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Owen Farrell 'very close' to signing two-year Racing 92 deal – report

By Liam Heagney
Owen Farrell in action for England (Photo by Hannah Peters/Getty Images)

Hopes that Owen Farrell will return to the international fold with England later this year are reportedly poised to be dashed by him committing to a two-year deal to play his club rugby in the French Top 14.

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The Test-level skipper has taken a sabbatical from Steve Borthwick’s squad for the upcoming Guinness Six Nations tournament.

However, on foot of Borthwick explaining on Thursday at Twickenham why the Test break for Farrell had come about, it has now emerged that the 32-year-old could soon make himself ineligible for an England comeback.

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Jacques Nienaber on evolution and why he left international rugby

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Rather than stay on at Saracens for the 2024/25 season, Midi Olympique, the French rugby newspaper, have reported that Farrell is considering a deal to quit Mark McCall’s side and instead join ex-England boss Stuart Lancaster at Racing 92.

Farrell is out of contract at the end of the 2023/24 season with the London club that he has represented for his entire professional career.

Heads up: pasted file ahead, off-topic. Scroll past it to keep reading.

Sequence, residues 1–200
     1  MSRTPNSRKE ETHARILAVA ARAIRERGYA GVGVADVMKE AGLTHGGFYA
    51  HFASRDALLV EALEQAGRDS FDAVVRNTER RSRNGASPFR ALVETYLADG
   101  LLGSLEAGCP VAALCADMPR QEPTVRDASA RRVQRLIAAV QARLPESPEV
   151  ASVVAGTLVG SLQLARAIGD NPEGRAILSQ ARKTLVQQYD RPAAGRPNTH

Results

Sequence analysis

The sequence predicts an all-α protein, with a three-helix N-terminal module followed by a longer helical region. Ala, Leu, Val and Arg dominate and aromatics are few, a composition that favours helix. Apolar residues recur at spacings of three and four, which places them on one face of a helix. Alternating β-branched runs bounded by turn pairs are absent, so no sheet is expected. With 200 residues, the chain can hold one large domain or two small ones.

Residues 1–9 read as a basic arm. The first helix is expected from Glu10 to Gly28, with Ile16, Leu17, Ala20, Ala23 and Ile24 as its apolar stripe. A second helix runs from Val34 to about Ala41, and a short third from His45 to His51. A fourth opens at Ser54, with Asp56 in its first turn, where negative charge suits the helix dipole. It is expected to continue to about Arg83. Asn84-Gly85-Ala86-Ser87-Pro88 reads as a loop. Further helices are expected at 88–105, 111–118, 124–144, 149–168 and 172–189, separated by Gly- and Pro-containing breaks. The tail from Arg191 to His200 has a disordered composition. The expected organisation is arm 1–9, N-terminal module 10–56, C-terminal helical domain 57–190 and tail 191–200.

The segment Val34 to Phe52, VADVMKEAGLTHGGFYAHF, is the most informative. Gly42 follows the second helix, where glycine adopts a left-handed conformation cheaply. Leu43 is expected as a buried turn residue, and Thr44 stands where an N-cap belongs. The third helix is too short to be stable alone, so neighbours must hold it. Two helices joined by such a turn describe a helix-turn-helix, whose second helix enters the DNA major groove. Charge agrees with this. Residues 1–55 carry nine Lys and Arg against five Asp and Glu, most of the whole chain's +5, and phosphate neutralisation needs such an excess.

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Lancaster joined Racing last summer from Leinster and the coach is now looking for Farrell to join a club that already has the Rugby World Cup-winning Siya Kolisi on its roster along with Henry Arundell, one of Farrell’s England teammates at France 2023.

The Midi Olympique report read: “Racing 92 are on the verge of hitting hard in the transfer market. According to our sources, England fly-half Owen Farrell would indeed be very close to committing for the next two years with the Hauts-de-Seine entity, the current leader of the Top 14.

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“With a profile like Farrell’s, the club of Jacky Lorenzetti and Laurent Travers proves, only a few months after signing the captain of the South African Siya Kolisi, that it remains attractive to say the least in the eyes of the big names of the international circuit.